- Eat high fiber foods. These include vegetables, beans, whole grains, and some fruit. Fiber slows the absorption of sugar into the bloodstream and helps maintain healthy blood sugar levels.
- Eliminate sweets. Sweets cause rapid increases in blood sugar levels. Avoid artificial sweeteners, which have an unknown effect on the brains of developing babies. After 4 to 7 days of not eating sugar, cravings for sweets usually diminish.
- Get into an exercise routine. During pregnancy, it is important to obtain permission from a doctor before exercising. Gentle to moderate exercise for 30 minutes a day decreases blood sugar levels and is tolerated well by most women.
- Eat high protein for breakfast. Be sure to especially have a low sugar/glycemic and high protein breakfast.
white flour (bread, crackers)
potatoes and corn
refined polyunsaturated vegetable oils
citrus fruits, figs/dates, raisins, mangoes (any high-glycemic fruit)
refined sugar, sweets of any kind
honey, jams, jellies
SOME ESPECIALLY HELPFUL FOODS
Lemons, Garlic, Broccoli, Oatmeal, Protein foods, Flaxseeds, Green beans, Brussel sprouts, coconut oil, and Lentils. Eat whole, organic and unprocessed foods.
Heal Gestational Diabetes
AVOID SUGAR AND FOODS HIGH IN SUGAR
Most women with gestational diabetes, just like those without diabetes, have a desire for something sweet in their diet. In pregnant women, sugar is rapidly absorbed into the blood and requires a larger release of insulin to maintain normal blood sugar levels. Without the larger release of insulin, blood sugar levels will increase excessively when you eat sugar-containing foods. There are many forms of sugar such as table sugar, honey, brown sugar, corn syrup, maple syrup, turbinado sugar, high fructose corn syrup, and molasses. Generally, food that ends in "-ose" is a sugar (e.g., sucrose, dextrose, and glucose).
Foods that usually contain high amounts of sugar include pies, cakes, cookies, ice cream, candy, soft drinks, fruit drinks, fruit packed in syrup, commercially fruited yogurt, jams, jelly, doughnuts, and sweet rolls. Many of these foods are high in fat as well. Be sure to check the list of ingredients on food products. If some type of sugar is listed first, second, or third on the list of ingredients, the product should be avoided. If sugar is further down, fourth, fifth, or sixth, it probably will not cause your blood sugar levels to go up excessively. Fruit juices should be eliminated. Use only whole fruit for snacks.
A study by the Beltsville Human Nutrition Research Center, a department of the U.S. Department of Agriculture, determined that cinnamon bark is a highly effective treatment for insulin resistance, capable of maintaining a healthy balance of blood sugar. One carefully controlled study even determined that insulin production increases sevenfold when people with diabetes are given cinnamon. It also helps to balance cholesterol and fatty acid absorption, which are critically important for pregnant women to manage.
There are no known negative effects of taking cinnamon at any stage in life, although a few obstetricians believe that in very large doses, it might contribute to preterm labor. When consumed in food or within supplement guidelines, it is not known to cause any problems for pregnant women or fetuses.
ALPHA LIPOIC ACID
Even clinics and physicians who do not ordinarily support complementary alternative therapies are turning to Alpha-Lipoic Acid (often abbreviated to ALA) for relief of many symptoms associated with all forms of diabetes. While its use had been previously backed by many studies, it was definitively determined to be safe and effective by an advanced, placebo-controlled study conducted by the Mayo Clinic in 2003. It has been found to be very useful at relieving the feelings of numbness and tingling known as diabetic neuropathy, and is capable of lowering blood-glucose levels after meals.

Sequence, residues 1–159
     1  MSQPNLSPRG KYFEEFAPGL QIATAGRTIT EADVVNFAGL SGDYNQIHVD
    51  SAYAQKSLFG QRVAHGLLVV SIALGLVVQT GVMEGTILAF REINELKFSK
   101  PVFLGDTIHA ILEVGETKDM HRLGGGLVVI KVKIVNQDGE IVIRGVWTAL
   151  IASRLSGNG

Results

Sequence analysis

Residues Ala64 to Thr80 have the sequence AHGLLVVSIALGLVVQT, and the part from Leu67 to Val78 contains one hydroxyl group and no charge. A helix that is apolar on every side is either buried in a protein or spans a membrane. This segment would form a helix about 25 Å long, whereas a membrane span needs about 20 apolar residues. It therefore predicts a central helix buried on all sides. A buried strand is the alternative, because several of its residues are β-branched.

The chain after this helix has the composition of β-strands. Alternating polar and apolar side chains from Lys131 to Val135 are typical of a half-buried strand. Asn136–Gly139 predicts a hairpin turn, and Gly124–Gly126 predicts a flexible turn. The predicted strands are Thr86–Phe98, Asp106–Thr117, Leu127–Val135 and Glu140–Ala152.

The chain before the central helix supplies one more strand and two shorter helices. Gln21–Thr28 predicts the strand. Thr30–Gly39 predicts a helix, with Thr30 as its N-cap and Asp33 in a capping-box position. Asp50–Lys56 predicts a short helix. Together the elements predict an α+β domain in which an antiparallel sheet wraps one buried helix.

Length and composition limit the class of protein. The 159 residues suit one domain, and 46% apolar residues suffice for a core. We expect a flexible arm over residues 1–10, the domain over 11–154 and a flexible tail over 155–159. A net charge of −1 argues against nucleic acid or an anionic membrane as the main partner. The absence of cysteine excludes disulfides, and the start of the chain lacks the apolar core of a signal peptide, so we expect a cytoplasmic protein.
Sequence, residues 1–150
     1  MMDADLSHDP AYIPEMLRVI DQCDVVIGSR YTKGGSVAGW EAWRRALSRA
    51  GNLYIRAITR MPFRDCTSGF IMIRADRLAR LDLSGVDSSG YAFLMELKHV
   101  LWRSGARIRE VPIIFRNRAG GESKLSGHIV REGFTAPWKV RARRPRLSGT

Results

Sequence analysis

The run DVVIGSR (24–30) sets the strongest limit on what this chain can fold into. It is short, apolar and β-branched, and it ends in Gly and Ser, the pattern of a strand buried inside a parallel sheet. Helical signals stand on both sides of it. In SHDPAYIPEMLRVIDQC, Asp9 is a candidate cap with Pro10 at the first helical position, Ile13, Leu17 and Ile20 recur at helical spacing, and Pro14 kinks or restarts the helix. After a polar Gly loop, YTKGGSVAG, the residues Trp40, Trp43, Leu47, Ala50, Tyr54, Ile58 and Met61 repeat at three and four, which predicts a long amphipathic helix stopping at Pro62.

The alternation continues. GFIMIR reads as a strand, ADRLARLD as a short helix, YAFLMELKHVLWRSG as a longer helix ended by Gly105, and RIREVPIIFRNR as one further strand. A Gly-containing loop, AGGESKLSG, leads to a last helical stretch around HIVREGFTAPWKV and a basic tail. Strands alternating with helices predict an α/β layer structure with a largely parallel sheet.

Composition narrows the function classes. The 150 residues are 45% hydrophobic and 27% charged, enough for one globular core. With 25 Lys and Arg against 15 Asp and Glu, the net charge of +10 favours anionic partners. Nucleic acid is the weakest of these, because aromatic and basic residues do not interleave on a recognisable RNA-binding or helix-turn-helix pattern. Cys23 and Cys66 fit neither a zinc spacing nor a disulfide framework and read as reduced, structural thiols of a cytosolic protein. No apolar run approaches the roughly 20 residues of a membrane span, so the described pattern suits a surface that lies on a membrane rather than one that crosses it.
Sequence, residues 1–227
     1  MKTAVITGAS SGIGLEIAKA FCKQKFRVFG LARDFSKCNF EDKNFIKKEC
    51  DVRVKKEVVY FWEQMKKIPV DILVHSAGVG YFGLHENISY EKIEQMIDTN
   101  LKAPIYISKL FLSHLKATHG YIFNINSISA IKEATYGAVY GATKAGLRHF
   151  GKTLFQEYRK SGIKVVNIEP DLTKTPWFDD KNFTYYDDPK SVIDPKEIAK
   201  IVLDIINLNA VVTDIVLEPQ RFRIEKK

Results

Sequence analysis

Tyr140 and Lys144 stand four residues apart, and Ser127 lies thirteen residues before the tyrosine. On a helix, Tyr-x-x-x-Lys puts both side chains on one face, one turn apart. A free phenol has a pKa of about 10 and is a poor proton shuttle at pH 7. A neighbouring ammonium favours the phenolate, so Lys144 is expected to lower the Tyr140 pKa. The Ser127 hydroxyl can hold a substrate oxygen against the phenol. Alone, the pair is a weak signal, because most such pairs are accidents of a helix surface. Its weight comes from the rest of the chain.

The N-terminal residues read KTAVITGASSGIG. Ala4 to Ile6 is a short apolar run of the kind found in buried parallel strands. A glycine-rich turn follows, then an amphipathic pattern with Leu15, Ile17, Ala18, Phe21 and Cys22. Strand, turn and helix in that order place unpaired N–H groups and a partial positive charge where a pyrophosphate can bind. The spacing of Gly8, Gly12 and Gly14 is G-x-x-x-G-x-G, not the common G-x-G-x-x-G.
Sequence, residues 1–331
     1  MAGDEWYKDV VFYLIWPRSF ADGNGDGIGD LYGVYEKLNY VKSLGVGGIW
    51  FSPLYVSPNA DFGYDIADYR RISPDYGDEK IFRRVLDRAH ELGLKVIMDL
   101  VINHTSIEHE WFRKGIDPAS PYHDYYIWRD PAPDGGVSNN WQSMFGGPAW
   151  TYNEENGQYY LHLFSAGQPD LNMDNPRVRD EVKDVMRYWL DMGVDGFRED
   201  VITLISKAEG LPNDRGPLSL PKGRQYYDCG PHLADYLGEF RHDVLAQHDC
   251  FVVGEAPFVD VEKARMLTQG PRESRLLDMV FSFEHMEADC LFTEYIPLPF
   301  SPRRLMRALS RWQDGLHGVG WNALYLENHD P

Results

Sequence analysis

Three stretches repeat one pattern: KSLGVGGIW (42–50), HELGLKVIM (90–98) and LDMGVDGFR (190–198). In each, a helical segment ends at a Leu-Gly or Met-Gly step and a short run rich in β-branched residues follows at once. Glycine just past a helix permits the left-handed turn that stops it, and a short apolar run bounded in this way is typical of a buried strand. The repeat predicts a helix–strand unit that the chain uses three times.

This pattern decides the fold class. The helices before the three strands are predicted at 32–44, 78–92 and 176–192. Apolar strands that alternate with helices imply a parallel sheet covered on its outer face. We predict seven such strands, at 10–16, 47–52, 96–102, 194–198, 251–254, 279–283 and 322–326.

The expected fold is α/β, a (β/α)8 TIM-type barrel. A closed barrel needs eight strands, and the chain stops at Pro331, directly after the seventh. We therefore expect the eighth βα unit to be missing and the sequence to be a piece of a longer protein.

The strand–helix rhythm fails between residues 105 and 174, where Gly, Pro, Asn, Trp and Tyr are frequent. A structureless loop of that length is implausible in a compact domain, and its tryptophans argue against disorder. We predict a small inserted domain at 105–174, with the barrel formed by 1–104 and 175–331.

Alpha lipoic acid, which is one of the world's most powerful antioxidants, has never been shown to cause complications of any kind. There are no reports of it harming a pregnant woman or her fetus, but it is believed to control many of the harmful symptoms of gestational diabetes.
Chromium is an important trace mineral involved in the transportation of insulin to all tissues in the body, including the brain and the uterus. Accumulated evidence suggests that a glucose intolerance or insulin resistant state can develop with chromium deficiency. A number of studies have found a deficiency in hair chromium in pregnant women compared to nonpregnant women. The authors randomized 24 women with gestational diabetes to receive either chromium picolinate (4 mcg/kg) or placebo for eight weeks. The women receiving the chromium had significantly lower fasting glucose and insulin levels and significantly lower peak glucose and insulin in response to a 100 g oral glucose load compared to the placebo group.
A 2001 article published in the journal Biological Trace Element Research concluded, based on a series of double-blind studies, that chromium supplementation is very effective at enabling the body to transport insulin and control blood-glucose levels, and many previous studies have drawn similar conclusions.
A 1997 study involving 180 type II diabetes patients in China, is a classic: it documented “spectacular” results in diabetes patients who took 500 mcg chromium picolinate twice daily. After four months, nearly all of the diabetes patients no longer had traditional signs of diabetes. Their blood sugar and insulin levels dropped to near normal—something that medications could not achieve. Even more importantly, the “gold standard” diagnostic measure of diabetes—blood levels of hemoglobin A1c (sugar-damaged proteins that age cells)—also dropped to normal.
Chromium is not believed to be toxic at any level in humans, including pregnant humans, and there have been no adverse effects of a mother or fetus reported. One study even found that most pregnant women have depleted levels of chromium in their blood streams, which may be a contributing cause of gestational diabetes.
Running low on vitamin D may raise your risk of gestational diabetes, according to a 2008 study of 171 pregnant women (including 57 with gestational diabetes). Among those who developed gestational diabetes, vitamin D levels were significantly lower (compared to study members who were free of gestational diabetes). Wikipedia states,